“I don’t think there’s much pressure, to be honest,’’ O’Neill said. “All these guys are very familiar with each other, especially in Europe (five KHL players are on the roster, along with two from the American Hockey League). Looking back at 1980, I think a key for them was they had played together for so long. They played together in tournaments throughout the year and the World Championships. We have a lot of guys who played in the World Junior Championships together. So I think our team will be a little closer than it was in 2018 (a seventh-place finish) because our players are familiar with each other.’’
What wisdom can an “old-timer’’ like O’Neill impart on these first-time Olympians?
“With the Olympics there are so many unknowns,’’ he said. “Your mind can be all over the place, so to speak. Hopefully I can give them a little bit of a heads-up on what to expect. I’m pretty familiar with all the other European teams (such as Russia, Finland, Sweden, Czech Republic, etc.). I hope I’m in that role and I’m excited to see these (American) kids when they get there, learn and see what we can do.’’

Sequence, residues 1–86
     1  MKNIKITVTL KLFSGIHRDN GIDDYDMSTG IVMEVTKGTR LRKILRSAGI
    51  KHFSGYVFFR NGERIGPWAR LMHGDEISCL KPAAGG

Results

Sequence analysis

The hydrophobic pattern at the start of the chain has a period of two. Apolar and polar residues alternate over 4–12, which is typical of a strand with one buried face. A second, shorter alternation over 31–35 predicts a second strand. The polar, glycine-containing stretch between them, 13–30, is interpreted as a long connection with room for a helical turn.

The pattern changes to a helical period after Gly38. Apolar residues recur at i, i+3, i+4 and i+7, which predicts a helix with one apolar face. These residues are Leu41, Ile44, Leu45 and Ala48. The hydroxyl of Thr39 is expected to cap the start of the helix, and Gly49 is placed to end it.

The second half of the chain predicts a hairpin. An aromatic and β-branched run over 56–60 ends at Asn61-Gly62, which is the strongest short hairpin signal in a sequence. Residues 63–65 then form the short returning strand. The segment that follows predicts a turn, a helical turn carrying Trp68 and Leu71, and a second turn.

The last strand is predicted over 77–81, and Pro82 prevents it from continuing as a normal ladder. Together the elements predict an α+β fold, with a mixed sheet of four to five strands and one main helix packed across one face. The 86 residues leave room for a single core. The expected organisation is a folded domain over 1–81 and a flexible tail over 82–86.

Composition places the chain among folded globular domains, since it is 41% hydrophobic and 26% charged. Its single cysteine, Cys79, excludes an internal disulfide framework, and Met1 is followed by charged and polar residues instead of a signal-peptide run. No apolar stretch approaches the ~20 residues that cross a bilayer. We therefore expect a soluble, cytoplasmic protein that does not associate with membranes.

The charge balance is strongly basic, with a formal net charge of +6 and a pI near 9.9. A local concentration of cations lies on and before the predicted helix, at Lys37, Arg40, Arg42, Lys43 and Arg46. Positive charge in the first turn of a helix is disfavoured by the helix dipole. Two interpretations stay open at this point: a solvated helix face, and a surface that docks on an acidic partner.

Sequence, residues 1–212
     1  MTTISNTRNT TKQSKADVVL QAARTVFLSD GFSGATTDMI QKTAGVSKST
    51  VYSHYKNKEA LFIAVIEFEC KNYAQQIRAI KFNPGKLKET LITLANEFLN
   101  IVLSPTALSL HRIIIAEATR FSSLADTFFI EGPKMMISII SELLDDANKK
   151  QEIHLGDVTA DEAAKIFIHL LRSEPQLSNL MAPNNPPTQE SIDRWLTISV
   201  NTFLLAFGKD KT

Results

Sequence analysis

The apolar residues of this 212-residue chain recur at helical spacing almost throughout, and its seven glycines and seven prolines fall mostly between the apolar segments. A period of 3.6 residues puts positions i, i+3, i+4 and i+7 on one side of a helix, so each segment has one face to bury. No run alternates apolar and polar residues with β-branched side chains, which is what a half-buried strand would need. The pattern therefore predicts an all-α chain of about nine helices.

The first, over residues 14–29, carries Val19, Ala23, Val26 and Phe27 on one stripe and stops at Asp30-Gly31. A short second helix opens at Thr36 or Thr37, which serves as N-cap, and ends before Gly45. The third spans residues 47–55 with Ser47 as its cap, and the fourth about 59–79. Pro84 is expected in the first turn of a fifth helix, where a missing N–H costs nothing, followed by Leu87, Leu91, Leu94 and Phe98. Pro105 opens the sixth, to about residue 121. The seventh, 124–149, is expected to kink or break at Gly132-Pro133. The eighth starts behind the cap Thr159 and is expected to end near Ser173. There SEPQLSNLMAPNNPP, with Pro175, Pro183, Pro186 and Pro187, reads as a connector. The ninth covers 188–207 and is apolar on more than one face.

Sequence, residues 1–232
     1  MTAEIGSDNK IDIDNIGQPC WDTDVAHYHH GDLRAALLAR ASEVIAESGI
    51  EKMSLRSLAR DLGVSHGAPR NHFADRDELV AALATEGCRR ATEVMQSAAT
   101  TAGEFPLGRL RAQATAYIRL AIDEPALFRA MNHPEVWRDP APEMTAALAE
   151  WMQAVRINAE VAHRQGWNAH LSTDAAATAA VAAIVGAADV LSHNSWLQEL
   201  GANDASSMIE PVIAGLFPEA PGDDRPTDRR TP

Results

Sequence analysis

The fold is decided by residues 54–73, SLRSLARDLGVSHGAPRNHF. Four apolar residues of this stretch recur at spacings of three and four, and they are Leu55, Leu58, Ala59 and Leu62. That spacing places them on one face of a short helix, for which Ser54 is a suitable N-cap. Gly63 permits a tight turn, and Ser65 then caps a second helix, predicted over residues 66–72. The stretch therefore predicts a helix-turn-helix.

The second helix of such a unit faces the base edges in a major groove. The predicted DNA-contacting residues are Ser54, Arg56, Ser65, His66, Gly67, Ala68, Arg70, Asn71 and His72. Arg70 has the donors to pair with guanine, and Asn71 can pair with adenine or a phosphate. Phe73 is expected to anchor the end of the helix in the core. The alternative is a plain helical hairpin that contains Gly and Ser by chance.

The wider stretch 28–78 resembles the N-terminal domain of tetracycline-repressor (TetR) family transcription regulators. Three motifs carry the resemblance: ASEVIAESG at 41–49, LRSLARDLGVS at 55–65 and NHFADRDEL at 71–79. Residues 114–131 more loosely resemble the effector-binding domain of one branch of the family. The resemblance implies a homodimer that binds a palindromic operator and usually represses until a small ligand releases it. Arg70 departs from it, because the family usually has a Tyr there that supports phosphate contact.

Assuming everyone gets through COVID screening and a one-day quarantine, O’Neill and his teammates are hoping to get in at least three or four good practices before game action begins.
There are six other players with NHL experience on the roster, including Nick Shore, one of O’Neill’s teammates from their Manchester Monarchs days. Shore has played in 299 NHL games, so he’s going to be in the leadership group as well.